Common Escoria Nodes
To make games in Escoria it’s handy to understand the relationship between Godot’s Scenes and nodes. These are documented here https://docs.godotengine.org/en/stable/getting_started/step_by_step/nodes_and_scenes.html#nodes
Every location the game character can go to in the game will be its own Godot scene, and each of these scenes is referred to as an Escoria room. An Escoria room might be a bedroom or bathroom, but might also be the roadway on a bridge or a forrest clearing. All the objects in the room are Godot nodes.
There are several different types of Godot nodes. Their names and a brief overview of their uses is detailed below. For further information on each configurable parameter for each node, what it is and what it is used for, see the associated API page.
Where an API page says Extends: <sometype>, this means that the particular Escoria node has inherited all the features of the node type “sometype” and builds on them. Any additional features it has will be described in the “Property Description” of the node on the API page.)
For example, ESCRoom extends Node2D. This means it has all of Node2D’s features, like a “position” and a “scale”. The API page also tells you in its “Property Description” that it has (among other things) an associated “player_scene” and “camera_limits” which can be configured.
Most node types referenced in the API are intended to be used internally by Escoria. The ones of most use to game makers are :
An ESCRoom is the root node of your room scene. This is responsible for telling Escoria which character you’ll control in the room, the script to use to configure the room before use, and the area of the room the camera is allowed to see.
An ESCitem is an object that the player can interact with in some way, a window or a phone for example. You associate an Escoria script with the item to tell Escoria what to do when the player interacts with the object (what happens when they “look at” or “use” the object, for example).
An ESCItem is accessible in Escoria scripts by the name provided in the Global ID field. This name should be unique to your whole game.
You will typically assign a few child nodes to each ESCItem.
Sprite / Animated Sprite : This is an image of the object that will be displayed on the screen for the player.
CollisionPolygon2D : This is a shape that tells Escoria when the mouse is over the object. Set this up to cover the Sprite.
ESCLocation : If you make an ESCLocation the child of an ESCItem, when you interact with the item the character will automatically walk to this position to perform the interaction. As an example, place an ESCLocation underneath a “window” ESCItem and the player will walk to the window when you “look” at it.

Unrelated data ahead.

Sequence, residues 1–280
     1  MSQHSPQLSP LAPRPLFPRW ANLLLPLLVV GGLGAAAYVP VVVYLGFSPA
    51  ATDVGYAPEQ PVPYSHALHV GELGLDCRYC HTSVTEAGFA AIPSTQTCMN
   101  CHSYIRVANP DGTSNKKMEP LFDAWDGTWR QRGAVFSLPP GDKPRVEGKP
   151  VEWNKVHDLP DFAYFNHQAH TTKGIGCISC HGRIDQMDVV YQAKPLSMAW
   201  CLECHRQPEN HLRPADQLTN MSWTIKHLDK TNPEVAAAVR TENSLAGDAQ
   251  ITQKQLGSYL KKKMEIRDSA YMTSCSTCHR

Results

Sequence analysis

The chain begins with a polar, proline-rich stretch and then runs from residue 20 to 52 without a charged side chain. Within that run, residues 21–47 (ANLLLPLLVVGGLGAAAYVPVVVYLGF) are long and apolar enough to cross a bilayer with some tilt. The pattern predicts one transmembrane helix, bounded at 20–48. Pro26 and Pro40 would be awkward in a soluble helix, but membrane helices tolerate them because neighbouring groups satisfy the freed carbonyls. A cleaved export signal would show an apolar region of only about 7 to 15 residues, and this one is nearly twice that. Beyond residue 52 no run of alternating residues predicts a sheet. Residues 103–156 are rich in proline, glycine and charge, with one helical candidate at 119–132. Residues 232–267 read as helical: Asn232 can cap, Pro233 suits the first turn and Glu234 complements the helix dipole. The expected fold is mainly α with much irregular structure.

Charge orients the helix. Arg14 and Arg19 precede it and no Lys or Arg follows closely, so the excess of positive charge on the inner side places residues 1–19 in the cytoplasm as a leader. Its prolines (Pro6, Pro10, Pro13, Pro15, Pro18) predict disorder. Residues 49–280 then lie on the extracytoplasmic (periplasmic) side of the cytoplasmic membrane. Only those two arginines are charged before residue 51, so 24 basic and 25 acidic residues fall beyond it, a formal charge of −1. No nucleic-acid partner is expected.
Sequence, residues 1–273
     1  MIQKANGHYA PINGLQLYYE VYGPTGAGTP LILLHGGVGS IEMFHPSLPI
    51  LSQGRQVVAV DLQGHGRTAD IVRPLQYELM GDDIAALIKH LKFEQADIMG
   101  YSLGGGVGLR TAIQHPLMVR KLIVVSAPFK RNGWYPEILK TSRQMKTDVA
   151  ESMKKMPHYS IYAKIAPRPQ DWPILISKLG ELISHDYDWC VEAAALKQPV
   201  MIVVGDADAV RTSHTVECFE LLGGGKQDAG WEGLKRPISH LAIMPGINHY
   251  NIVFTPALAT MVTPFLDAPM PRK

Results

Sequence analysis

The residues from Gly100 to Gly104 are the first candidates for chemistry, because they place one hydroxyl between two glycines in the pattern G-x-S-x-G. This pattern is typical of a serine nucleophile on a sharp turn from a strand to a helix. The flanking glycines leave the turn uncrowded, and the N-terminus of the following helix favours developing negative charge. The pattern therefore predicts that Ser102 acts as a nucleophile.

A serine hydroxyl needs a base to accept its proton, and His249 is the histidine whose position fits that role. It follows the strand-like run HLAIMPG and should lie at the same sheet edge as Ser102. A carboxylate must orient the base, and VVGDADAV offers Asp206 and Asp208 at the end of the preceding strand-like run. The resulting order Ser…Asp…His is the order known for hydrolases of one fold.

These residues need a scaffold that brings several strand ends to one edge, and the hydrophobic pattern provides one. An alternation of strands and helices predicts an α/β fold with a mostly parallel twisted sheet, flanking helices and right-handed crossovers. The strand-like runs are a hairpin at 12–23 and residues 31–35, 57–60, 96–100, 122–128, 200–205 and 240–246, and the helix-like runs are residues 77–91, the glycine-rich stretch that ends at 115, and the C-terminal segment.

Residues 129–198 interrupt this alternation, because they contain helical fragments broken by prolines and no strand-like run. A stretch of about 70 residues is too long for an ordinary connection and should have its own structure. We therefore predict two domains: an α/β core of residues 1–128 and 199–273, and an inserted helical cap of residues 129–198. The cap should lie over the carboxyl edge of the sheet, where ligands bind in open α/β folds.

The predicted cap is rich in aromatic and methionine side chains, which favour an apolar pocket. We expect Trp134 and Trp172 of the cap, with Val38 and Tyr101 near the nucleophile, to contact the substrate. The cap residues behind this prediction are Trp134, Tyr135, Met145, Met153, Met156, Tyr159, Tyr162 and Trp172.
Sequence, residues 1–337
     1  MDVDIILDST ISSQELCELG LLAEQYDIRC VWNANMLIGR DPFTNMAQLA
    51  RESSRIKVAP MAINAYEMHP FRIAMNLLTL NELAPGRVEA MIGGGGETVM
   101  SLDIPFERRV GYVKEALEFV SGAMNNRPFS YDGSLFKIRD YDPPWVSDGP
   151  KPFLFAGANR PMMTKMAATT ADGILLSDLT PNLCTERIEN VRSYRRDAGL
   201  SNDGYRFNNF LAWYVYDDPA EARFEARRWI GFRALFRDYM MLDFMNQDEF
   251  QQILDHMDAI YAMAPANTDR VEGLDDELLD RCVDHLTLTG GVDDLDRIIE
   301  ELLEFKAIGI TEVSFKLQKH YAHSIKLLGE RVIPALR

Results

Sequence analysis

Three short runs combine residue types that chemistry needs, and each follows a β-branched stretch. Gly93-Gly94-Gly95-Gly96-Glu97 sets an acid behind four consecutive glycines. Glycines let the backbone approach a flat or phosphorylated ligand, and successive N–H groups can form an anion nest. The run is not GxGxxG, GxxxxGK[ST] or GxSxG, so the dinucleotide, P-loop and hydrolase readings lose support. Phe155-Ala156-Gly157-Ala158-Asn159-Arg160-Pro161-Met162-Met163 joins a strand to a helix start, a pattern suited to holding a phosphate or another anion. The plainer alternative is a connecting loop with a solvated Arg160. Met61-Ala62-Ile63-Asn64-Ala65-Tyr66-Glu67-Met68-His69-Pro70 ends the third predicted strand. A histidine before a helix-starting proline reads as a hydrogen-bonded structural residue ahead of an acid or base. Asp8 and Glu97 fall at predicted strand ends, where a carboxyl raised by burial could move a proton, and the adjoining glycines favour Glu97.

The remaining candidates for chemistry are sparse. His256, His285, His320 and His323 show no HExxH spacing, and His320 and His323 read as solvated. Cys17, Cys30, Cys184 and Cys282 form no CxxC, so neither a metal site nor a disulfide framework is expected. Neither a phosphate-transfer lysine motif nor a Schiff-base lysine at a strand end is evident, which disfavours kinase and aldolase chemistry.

This is the background image for your room. ESCItem`s will be drawn over the top of this. Assign the background image for the room to the `ESCBackground’s “texture”
An ESCTerrain tells Escoria where in the scene the character is allowed to walk. When clicking within the game window, the character will automatically walk to the clicked spot (or as close to it as it can) while staying within the terrain.
The game allows for multiple terrains to be configured, but only one can be active at a time. A good use for multiple terrains would be a hallway with a closed door in the middle. The initial terrain would cover the floor on the side of the hallway where the player currently stood up to the doorway. This would allow the player to walk up to the door, but not pass through or beyond it.
A second terrain would include the area covered by the inital terrain, as well as the floor through the doorway and the far side of the hallway.
In the script attached to the door ESCItem, when the player opens the door, you would disable the first terrain and enable the second, allowing the game character to walk through the entire hallway.
Terrains are a NavigationPolygonInstance node and are referenced in code by their name rather than a Global ID.
An ESCLocation is a location within your game that the character will walk to under certain conditions.
You may use a scripted walk command to force the character to walk to a certain location. This is handy for cutscenes as part of telling your game’s story.
If the ESCLocation is a child of an ESCItem, the character will automatically walk to the location when you interact with the item.
If you call an ESCLocation “player_start”, Escoria will automatically place the player there when it loads a room (unless otherwise instructed by the script attached to the ESCRoom).
An “exit” to your room (i.e. the method by which your player moves from one ESCRoom to the next) can be made by enabling the “Is Exit” option on an ESCItem. This, however, requires an associated script to be created and attached telling Escoria how to interact with the ESCItem (exit).
For an exit that is just an exit and doesn’t require any scripting, use an ESCExit. All that it requires to be configured to make it work are the “target_scene” to change to and, optionally, a “switch sound” (the sound to play when changing rooms).